Past Events

  • Dissertation Defense for Shaoqing Zhang

    Association of Protein Helices and Assembly of Foldamers: Stories in Membrane and Aqueous Enviornments, Room 2N36, DRL

  • Dissertaton Defense for Josh Kunkle

    A Search for Dark Matter via Invisible Decays of the Higgs Boson with the ATLAS Detector at the LHC, Room A7 DRL

  • Dissertation Defense for Francesco Elio Angile

    The Balloon-borne Large Aperture Submillimeter Telescope for Polarimetry (BLAST-Pol) Room 2N36 DRL

  • Ryan Reese Ph.D. Defense

    DRL 4E19

    "Searching for new physics in high-mass ditau events at ATLAS"

  • Theodore Brzinski's Dissertation Defense


    Granular Flow:  Impact and Sedimentation

  • Dissertation Defense, Austin Joyce

    Conformality Lost: Broken Symmetries in the Early Universe

  • Dissertation Defense, Adam Roth

    Structure and Coarsening of Foams: Beyond Von Neumann's Law, Rm. 2C2 DRL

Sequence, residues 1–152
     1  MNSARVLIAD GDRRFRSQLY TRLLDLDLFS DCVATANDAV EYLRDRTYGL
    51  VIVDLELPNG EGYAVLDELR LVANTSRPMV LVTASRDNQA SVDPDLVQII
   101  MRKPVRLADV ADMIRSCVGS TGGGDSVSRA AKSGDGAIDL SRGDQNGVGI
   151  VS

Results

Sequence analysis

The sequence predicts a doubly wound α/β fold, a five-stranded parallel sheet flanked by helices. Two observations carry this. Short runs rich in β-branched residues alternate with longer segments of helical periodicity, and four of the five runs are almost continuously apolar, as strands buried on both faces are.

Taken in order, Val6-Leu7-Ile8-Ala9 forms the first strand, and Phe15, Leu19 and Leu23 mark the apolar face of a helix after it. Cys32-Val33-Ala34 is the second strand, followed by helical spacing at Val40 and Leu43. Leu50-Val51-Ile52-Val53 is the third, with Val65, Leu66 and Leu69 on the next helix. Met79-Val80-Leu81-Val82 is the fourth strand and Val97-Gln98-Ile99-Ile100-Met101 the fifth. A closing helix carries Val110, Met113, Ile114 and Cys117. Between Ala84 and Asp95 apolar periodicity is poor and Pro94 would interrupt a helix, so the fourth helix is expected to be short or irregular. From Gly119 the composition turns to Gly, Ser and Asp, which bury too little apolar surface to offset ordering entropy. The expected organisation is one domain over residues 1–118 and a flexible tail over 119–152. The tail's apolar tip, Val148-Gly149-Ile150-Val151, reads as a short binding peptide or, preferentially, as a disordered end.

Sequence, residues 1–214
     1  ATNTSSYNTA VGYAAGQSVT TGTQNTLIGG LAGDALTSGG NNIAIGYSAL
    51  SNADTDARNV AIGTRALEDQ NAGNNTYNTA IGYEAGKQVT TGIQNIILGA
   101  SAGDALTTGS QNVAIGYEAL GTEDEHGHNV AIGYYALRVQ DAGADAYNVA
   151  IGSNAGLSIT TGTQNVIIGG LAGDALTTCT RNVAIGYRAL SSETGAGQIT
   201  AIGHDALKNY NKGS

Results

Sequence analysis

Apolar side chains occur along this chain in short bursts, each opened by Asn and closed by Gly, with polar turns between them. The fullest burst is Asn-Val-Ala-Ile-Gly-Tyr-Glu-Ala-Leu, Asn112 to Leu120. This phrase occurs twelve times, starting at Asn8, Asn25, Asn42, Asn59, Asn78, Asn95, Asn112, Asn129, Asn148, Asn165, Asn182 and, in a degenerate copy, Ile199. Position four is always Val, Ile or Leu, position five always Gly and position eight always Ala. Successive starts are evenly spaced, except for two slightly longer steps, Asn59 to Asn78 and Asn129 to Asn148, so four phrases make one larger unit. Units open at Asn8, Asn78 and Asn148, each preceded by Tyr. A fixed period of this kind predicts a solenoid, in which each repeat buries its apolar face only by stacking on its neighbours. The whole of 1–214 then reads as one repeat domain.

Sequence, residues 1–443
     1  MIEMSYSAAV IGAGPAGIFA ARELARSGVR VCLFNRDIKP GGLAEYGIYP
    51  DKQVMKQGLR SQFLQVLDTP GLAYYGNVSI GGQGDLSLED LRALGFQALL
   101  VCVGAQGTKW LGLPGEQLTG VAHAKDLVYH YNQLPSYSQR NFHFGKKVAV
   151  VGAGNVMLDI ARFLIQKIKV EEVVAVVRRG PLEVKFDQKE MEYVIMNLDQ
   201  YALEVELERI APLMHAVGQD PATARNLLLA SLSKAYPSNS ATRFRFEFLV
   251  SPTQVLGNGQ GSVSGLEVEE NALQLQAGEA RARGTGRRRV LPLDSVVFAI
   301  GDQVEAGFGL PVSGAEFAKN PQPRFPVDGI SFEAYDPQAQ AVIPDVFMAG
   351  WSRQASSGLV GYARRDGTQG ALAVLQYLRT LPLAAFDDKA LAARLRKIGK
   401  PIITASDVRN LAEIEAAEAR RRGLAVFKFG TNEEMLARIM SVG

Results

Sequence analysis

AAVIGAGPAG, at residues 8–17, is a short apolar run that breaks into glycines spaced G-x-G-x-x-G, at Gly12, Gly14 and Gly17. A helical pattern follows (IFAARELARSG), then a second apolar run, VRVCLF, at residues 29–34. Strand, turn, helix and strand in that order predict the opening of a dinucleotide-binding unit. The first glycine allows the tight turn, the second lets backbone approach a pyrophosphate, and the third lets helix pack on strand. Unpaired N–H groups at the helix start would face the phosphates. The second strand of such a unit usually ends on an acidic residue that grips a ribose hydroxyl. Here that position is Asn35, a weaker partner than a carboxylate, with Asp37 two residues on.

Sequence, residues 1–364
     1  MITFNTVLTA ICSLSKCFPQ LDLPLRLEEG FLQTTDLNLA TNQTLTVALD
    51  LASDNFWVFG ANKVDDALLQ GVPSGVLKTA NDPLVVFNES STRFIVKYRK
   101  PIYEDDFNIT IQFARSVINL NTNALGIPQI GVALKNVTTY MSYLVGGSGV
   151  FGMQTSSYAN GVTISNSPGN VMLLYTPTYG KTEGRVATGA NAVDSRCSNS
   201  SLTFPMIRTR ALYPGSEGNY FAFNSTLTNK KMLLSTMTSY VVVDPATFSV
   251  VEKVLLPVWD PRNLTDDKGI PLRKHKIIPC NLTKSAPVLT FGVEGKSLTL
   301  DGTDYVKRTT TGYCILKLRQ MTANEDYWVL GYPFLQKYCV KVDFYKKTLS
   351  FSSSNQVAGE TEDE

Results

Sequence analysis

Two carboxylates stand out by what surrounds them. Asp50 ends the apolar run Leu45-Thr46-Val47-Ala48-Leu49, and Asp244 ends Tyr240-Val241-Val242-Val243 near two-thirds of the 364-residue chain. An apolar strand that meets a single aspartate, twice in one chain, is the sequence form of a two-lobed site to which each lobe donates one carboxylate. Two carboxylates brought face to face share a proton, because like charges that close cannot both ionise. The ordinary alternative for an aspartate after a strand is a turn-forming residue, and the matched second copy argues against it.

• Advances in Biomedical Optics Seminar

    Donner Auditorium

    Roy Hamilton, Hospital of the University of Pennsylvania

    Optical Imaging of Noninvasive Brain Stimulation
    Roy Hamilton
    Assistant Professor of Neurology
    Hospital of the University of Pennsylvania

  • Tesla: Inventor of the Electrical Age

    Penn Bookstore, 3601 Walnut Street

    W. Bernard Carlson, Prof of Science and Technology, School of Engineering and Applied Science

    In “Tesla,” Carlson examines the life and work of celebrity scientist Nikola Tesla. While many have glamorized Tesla and his eccentricities, Carlson offers an honest look at the what, how and why behind his inventions.

    Nikola Tesla was a major contributor to the electrical revolution that transformed daily life at the turn of the 20th century. Like his competitor Thomas Edison, Tesla was one of America’s first celebrity scientists, cultivating a public image of the eccentric genius.

  • High Energy Theory Seminar

    DRL 4N9

    Mark Alford (Washington University)